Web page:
The German parliament’s defense committee is planning to sign the first contract in relation to the EK/ECR Eurofighter project on November 15th. The agreement will cover project support, funds for risk mitigation and development. Initial plans call for 15 aircraft out of the Luftwaffe’s Eurofighter fleet to be modified for the Escort Jamming role.
The EK Eurofighter is planned to replace the ageing ECR Tornado in the role of Suppression of Enemy Air Defenses (SEAD). The Luftwaffe has a requirement for a total of 30 ECR/EK aircraft.
This development follows a longer period of evaluation and assessment carried out by the German procurement authorities (BAAINBw). The BAAINBw selected the joint bid made by Saab & Helsing, which offered a modified version of Saab’s Integrated Electronic Warfare System (IEWS), citing low integration risk as one of the criteria. The IEWS will likely be integrated by a modification of the existing Defensive Aids Sub-System (DASS) suite of the Eurofighter, replacing some of the equipment in the aircraft’s wingtips and fuselage. The updated Emitter Location System of the IEWS and the integration of of Advanced Anti-Radiation Guided Missiles (AARGM) will be realized by 2028, as a first step capability as part of the Phase 4 enhancement (P4E) project of the Eurofighter consortium.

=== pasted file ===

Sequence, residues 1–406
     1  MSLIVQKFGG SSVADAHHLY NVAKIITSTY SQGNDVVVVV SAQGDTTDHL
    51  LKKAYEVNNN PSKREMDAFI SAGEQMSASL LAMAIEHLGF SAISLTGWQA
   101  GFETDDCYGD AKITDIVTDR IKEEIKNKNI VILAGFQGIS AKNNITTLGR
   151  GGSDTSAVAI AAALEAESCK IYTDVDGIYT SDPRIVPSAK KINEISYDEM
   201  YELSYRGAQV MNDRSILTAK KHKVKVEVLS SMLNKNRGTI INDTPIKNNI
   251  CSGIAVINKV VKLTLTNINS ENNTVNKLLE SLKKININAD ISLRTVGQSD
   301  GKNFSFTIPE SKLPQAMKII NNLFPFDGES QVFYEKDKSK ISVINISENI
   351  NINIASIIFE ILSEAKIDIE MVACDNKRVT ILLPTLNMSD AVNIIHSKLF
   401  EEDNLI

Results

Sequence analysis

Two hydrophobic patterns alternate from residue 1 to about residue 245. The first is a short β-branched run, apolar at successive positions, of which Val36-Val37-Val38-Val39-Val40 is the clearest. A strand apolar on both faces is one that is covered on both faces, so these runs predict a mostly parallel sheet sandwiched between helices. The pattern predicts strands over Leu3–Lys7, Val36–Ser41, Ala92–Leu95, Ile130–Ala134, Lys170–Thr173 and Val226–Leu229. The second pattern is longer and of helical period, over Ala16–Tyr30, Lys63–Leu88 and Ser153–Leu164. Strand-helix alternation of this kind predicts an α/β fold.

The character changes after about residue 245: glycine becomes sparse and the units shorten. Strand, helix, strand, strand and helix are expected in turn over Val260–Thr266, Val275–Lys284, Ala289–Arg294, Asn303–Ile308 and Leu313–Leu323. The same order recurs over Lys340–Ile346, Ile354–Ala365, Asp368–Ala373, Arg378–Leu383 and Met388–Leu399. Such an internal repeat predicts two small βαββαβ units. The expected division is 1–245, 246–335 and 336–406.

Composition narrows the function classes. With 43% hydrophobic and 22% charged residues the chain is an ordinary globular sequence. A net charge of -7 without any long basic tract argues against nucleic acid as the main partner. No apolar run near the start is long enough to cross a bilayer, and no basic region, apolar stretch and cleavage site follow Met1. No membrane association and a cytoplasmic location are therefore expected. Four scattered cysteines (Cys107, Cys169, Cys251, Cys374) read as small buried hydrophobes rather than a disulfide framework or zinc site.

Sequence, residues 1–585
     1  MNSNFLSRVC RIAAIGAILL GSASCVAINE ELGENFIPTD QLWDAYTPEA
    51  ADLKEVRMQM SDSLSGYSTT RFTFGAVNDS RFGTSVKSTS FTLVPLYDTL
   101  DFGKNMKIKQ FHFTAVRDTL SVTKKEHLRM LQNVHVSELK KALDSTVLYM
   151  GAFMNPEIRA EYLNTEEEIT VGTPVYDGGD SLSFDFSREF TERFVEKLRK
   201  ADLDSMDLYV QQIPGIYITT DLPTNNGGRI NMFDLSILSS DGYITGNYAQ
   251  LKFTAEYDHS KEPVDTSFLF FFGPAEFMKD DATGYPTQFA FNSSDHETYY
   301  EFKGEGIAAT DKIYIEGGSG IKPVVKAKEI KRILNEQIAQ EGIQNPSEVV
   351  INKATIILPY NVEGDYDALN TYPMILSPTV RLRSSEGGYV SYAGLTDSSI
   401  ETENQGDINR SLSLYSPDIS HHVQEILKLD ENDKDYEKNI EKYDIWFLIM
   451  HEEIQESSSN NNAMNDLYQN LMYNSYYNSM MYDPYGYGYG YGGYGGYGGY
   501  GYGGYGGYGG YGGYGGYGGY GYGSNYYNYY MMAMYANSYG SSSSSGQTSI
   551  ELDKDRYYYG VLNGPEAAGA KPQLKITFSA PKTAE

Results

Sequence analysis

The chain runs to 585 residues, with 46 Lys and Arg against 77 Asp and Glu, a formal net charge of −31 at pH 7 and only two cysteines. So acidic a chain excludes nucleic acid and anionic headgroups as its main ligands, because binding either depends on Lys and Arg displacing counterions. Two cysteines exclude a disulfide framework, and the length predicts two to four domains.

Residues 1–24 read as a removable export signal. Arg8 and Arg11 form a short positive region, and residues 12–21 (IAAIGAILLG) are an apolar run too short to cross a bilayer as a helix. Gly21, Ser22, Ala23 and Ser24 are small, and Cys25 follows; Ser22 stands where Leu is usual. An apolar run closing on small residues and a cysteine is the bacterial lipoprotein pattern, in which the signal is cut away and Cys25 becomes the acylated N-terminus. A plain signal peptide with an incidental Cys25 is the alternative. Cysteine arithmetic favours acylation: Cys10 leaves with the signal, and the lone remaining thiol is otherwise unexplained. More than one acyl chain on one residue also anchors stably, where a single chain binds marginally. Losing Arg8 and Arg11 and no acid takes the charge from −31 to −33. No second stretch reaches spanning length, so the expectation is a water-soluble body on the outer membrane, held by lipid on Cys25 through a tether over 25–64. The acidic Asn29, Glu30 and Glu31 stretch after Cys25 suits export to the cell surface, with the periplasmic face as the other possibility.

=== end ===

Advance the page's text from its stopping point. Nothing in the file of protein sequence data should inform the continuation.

The German Airforce also plans to integrate AARGM’s Extended Range variant, to increase the engagement envelope against long range air defense systems. This will be realized in a second step, together with other enhancements such as upgrades to the German Eurofighter’s ECRS Mk1 radar and the integration of an external jamming pod.
The Luftwaffe has also closely evaluated the MBDA SPEAR 3 and more specifically it’s electronic warfare (EW) variant, however the development and fielding schedule of the product was deemed to be unacceptable for a timely introduction.
Having started in 2019, the procurement effort (dubbed luWES) includes a variety of ideas and proposals. In the early phases luWES planned with a larger capability set, such as Stand-off Jamming (SOJ) systems onboard the A400M transport aircraft. For a proposed Stand-In Jamming (SIJ) role the German Airforce plans with new electronic combat wingman aircraft, which seem to be modified Remote Carrier unmanned aerial vehicles (UAV) from plans of the trinational FCAS project.
However a lack of funding has put the realization of the SOJ and SIJ components before 2030 into doubt. A clear path for development will only be made possible if the NATO spending quota of 2% of national GDP will be met in the following years, which so far has not been reliably backed by long-term federal budget plans.